(f) In all cases suitable legal counsel shall be present at the hearing and may be present at examination and may examine all witnesses offering testimony, and otherwise represent the person.

(4) The responsibility for representing the state’s interest in commitment proceedings, including, but not limited to, preparation of the state’s case and appearances at commitment hearings is as follows:

(a) The Attorney General’s office shall have the responsibility relating to proceedings initiated by state hospital staff that are any of the following:

(A) Recommitment proceedings under ORS 426.307 (Court hearing); or

(B) Proceedings under ORS 426.228 (Custody), 426.232 (Emergency admission) or 426.233 (Authority of community mental health program director and of other individuals).

(b) The district attorney if requested to do so by the governing body of the county.

(c) In lieu of the district attorney under paragraph (b) of this subsection, a counsel designated by the governing body of a county shall take the responsibility. A county governing body may designate counsel to take responsibility under this paragraph either for single proceedings or for all such proceedings the county will be obligated to pay for under ORS 426.250 (Payment of costs related to commitment proceedings). If a county governing body elects to proceed under this paragraph, the county governing body shall so notify the district attorney. The expenses of an attorney appointed under this paragraph shall be paid as provided under ORS 426.250 (Payment of costs related to commitment proceedings). [Amended by 1967 c.458 §1; 1971 c.368 §2; 1973 c.838 §6; 1975 c.690 §6; 1977 c.259 §1; 1979 c.574 §§1,2; 1979 c.867 §10; 1981 s.s. c.3 §133; 1987 c.903 §14; 1993 c.484 §17; 2001 c.962 §57; 2013 c.360 §24]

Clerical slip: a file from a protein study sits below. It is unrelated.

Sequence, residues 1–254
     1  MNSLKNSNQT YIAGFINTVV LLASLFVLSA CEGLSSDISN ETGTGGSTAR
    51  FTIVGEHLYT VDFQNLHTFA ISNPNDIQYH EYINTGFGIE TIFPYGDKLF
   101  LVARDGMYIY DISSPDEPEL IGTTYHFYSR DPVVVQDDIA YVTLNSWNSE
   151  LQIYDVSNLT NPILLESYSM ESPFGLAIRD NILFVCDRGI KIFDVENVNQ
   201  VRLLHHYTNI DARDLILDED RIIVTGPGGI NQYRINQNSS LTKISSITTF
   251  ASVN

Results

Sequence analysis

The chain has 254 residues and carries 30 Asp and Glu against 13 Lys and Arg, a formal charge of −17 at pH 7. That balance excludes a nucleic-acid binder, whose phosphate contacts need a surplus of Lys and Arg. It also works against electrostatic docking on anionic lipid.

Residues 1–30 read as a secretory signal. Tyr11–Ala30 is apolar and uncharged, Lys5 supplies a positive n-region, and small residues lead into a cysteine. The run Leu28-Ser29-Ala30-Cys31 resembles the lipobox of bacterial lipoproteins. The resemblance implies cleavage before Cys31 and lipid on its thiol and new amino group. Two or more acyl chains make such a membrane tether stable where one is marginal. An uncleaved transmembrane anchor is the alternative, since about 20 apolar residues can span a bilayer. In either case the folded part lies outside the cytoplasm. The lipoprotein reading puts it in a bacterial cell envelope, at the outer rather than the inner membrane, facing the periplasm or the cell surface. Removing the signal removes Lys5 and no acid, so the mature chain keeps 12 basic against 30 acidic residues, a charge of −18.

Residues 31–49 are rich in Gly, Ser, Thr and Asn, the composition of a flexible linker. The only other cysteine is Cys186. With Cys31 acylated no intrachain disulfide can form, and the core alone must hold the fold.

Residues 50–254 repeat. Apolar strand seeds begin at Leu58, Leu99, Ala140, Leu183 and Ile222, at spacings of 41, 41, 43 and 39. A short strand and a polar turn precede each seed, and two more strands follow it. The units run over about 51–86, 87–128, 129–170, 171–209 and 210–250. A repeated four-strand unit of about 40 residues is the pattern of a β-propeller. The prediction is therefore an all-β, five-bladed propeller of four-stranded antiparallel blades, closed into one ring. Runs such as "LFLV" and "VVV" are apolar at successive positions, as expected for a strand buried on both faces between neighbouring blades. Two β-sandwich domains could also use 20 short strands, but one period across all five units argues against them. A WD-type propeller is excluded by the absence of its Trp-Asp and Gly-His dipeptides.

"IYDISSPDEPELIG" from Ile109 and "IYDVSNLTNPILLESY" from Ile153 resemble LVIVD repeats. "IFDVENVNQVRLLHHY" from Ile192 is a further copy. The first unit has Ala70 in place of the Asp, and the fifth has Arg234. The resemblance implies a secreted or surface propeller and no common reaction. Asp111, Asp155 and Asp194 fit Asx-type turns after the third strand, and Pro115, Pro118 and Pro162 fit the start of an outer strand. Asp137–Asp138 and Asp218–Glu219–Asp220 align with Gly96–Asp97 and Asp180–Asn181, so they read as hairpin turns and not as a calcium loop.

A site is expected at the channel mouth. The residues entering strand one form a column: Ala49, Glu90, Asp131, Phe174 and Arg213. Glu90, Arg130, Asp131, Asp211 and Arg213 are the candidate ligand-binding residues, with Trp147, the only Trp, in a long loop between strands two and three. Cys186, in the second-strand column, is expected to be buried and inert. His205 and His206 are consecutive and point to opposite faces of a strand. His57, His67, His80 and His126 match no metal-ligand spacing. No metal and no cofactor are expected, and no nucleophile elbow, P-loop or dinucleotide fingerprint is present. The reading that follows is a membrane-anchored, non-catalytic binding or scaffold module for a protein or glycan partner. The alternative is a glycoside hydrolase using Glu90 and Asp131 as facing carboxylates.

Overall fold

Notes of Decisions

The due process clause of the U.S. Const., Am. XIV, entitles an allegedly mentally ill per­son to representa­tion by counsel, and provides that he, or one acting in his behalf, must be fully advised of his right to counsel, and this right be accorded unless intelligently and understandingly waived. State v. Collman, 9 Or App 476, 497 P2d 1233 (1972)

Where attorney in mental commit­ment hearing failed to make mo­tion for continuance, continuance would not be considered for first time on ap­peal. State v. Mills, 36 Or App 727, 585 P2d 1143 (1978), Sup Ct review denied

Granting of continuances upon showing of good cause is discre­tionary rather than mandatory. State v. Adair, 42 Or App 675, 601 P2d 830 (1979)